More Uncommon Fallacies: WOAR!

Every president deserves at least one discretionary military expedition (WOAR) although president Obama had to satisfy himself with continuing the two that he acquired from the previous administration. He did sanction the Syrian regime change policy, and his Secretary of State advocated a No-Fly Zone over that country, but she was defeated when she ran as his successor, and president Trump ordered the CIA (architect of the ISIS movement) to stand down.

Now all manner of Fire and Fury, awaits the regime of North Korea. According to some like CIA insider Jim Rickards, the US and North Korea are on a collision course.  That is uncommon fallacy ninety nine, there will be war but the war will be between China and North Korea, much like the punitive war between China and Vietnam in 1979. Complicated reasons, limited objectives, dubious results.

What war will do for China, is boost GDP and help to verticalize their economy, and perhaps cool off their overheated debt market. What war will do for North Korea is make them a nuclear legacy state of China. North Korea would never consider using nuclear weapons on China, and the terms of this war are implied and well understood by both countries.

They keep their weapons, but under strict Chinese control. The war should be brief, and may or may not entail regime change, and should solve the problem of refugees entering China if the US launches their war first.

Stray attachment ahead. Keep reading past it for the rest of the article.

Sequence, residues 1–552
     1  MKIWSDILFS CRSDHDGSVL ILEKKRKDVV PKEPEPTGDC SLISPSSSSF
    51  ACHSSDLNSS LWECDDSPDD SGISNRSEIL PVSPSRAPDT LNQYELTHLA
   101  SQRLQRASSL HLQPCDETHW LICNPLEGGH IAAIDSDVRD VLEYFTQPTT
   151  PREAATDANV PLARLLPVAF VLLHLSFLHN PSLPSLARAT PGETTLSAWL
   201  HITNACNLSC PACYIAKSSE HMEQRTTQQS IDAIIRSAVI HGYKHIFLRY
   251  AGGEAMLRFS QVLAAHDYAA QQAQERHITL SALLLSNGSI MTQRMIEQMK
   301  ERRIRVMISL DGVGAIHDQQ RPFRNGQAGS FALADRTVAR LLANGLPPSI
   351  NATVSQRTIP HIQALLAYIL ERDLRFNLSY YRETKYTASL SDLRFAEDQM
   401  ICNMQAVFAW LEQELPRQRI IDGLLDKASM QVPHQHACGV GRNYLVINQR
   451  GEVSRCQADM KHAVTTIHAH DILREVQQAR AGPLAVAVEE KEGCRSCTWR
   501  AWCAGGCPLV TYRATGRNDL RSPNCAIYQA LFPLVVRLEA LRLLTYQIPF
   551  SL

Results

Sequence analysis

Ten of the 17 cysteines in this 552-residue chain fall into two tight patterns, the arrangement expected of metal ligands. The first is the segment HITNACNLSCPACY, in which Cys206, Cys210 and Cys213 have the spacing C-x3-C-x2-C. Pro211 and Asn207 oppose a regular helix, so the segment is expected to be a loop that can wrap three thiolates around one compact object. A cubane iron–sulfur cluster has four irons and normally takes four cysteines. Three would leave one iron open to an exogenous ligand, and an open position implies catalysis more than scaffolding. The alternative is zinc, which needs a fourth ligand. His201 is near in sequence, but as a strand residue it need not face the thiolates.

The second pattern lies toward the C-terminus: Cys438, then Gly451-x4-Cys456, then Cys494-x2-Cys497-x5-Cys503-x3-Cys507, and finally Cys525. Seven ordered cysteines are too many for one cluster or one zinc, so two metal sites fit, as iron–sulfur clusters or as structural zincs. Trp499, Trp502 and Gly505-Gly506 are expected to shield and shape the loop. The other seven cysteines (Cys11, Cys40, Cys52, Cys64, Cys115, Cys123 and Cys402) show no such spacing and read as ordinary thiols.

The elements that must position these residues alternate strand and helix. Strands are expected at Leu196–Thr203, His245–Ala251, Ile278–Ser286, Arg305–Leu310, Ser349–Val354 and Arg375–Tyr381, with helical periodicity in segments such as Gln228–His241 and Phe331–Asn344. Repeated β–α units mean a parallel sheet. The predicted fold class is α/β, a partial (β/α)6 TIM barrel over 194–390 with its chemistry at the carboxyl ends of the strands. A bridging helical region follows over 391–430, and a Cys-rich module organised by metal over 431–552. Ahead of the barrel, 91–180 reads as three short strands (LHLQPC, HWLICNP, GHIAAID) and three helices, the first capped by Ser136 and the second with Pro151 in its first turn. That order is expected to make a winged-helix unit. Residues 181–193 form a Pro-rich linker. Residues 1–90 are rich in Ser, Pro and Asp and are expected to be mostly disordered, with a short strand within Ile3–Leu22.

Another uncommon fallacy is the way crypto-currency works, which is antithetical to financial markets, or rather the way we assume a digital currency functions. There is no reasonable way to consider a digital currency as a store of value, these currencies only exist to move your assets from one investment to another.  Where it gets interesting is when we consider digital transactions between credit based operations rather than assets. Can I use digital currency to move credit units from a HELIOC to a consumer account to a gold broker and back again? It may take some pondering.

The refugee problem in the Korean war may well be North Koreans crossing into the South. That will set up a new era of tensions over reunification, which is the passive-aggressive foreign policy preferred by the Chinese. Refugees become seeds spread by the wind, and grow up strong and true to their roots.


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